Pack­aged Full-Cream Milk

Good fats, bad fats and some mi­cro­bi­o­log­i­cal facts

Consumer Voice - - Contents -

Gone are the days when one de­pended only on the lo­cal milk ven­dor for get­ting fresh milk (once upon a time the cow was brought to the cus­tomer’s doorstep for milk­ing, but that’s an­other story al­to­gether). Al­most all items are now sold in ready­made forms in packets and milk is no ex­cep­tion. The grow­ing de­mand for milk largely ex­plains the spurt in pro­duc­tion as also in brands. At the same time, with adul­ter­ation of milk – with wa­ter, veg­etable oils, de­ter­gents, caus­tic soda, urea, starch, blot­ting pa­per, white paint, etc. – in­creas­ingly be­com­ing a re­al­ity and a con­cern, more and more con­sumers are switch­ing to branded pack­aged milk. This re­port will, among other things, put to rest most of our con­cerns about milk adul­ter­ation and con­tam­i­na­tion, and af­firm or dis­pute the health-re­lated claims of lead­ing brands of pack­aged full-cream milk.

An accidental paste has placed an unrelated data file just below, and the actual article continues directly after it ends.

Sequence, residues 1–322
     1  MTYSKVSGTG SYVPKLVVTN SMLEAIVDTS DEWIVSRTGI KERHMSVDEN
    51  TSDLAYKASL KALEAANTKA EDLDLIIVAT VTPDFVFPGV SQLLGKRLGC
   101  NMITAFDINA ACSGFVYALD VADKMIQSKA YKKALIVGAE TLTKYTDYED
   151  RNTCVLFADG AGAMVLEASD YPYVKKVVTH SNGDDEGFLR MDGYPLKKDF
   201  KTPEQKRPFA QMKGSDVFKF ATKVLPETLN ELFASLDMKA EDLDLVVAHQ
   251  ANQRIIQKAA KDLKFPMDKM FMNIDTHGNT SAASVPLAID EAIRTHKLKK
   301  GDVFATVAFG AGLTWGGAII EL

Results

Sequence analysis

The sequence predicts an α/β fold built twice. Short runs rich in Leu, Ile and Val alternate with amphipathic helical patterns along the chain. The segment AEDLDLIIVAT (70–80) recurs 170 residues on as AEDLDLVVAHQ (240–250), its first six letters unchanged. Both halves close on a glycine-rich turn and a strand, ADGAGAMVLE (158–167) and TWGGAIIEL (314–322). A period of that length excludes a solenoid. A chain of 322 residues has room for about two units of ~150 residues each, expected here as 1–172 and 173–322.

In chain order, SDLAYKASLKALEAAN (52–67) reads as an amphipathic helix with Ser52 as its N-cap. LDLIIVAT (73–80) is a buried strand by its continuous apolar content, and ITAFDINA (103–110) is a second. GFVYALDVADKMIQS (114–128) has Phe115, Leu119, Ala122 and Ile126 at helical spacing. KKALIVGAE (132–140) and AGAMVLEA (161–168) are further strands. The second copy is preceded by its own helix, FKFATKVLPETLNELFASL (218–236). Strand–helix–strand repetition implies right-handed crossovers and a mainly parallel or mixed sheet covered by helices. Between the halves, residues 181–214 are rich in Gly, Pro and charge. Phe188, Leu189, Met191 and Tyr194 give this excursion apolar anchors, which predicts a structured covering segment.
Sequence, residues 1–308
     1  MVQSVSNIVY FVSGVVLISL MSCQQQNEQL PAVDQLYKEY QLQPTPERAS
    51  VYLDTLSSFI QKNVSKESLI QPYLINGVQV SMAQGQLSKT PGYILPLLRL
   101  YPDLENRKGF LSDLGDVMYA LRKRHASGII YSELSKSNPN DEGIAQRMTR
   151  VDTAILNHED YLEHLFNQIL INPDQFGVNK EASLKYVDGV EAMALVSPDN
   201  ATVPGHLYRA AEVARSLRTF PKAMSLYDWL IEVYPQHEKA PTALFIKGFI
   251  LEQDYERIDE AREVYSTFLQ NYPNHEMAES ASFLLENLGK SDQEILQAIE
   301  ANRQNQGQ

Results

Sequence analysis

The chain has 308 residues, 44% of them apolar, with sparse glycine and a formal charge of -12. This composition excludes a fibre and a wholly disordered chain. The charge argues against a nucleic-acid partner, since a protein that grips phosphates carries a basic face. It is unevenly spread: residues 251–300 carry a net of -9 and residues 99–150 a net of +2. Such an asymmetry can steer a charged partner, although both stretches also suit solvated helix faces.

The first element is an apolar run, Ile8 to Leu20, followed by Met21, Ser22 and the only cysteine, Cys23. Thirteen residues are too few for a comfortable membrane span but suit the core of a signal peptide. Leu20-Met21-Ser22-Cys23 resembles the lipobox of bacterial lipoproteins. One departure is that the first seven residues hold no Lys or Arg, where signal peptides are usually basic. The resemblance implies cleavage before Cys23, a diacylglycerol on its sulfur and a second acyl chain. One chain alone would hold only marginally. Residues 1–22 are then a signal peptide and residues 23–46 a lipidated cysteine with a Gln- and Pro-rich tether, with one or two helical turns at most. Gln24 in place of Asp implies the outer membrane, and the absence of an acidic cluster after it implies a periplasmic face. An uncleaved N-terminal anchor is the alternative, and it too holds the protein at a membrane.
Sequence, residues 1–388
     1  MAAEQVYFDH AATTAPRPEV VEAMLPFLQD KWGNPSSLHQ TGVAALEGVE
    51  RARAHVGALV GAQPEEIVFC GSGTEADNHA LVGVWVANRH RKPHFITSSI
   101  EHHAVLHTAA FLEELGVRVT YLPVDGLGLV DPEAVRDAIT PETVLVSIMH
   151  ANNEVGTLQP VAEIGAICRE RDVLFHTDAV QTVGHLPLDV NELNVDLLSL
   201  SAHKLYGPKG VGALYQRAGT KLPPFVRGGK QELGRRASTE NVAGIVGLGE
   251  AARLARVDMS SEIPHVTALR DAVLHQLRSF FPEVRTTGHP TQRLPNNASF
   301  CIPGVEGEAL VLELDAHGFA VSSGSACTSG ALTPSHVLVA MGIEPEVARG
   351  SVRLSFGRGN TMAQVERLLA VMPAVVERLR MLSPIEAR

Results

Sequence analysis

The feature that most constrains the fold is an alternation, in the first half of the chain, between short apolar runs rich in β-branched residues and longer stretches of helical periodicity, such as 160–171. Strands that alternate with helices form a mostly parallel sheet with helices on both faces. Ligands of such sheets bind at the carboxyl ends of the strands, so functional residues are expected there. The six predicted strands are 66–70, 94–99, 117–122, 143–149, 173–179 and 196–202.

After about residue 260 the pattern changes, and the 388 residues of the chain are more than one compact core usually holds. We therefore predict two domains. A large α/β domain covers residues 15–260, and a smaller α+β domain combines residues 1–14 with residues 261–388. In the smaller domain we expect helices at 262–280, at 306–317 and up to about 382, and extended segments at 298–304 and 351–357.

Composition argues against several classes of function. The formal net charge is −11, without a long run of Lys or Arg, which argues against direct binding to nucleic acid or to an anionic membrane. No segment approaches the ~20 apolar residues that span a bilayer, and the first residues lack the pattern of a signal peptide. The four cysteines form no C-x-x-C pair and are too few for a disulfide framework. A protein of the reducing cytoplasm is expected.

The testing was car­ried out in an NABLac­cred­ited lab­o­ra­tory and it was mainly based on the rel­e­vant In­dian Stan­dard (IS 13688: 1999) and FSS Rules, 2011, for ‘pack­aged pas­teur­ized milk’ wherein the cat­e­go­riza­tion of milk has been done based on min­i­mum quan­tity of milk fat present. Here, full-cream milk means milk or a com­bi­na­tion of buf­falo or cow milk or a prod­uct pre­pared by com­bi­na­tion of both that has been stan­dard­ized to

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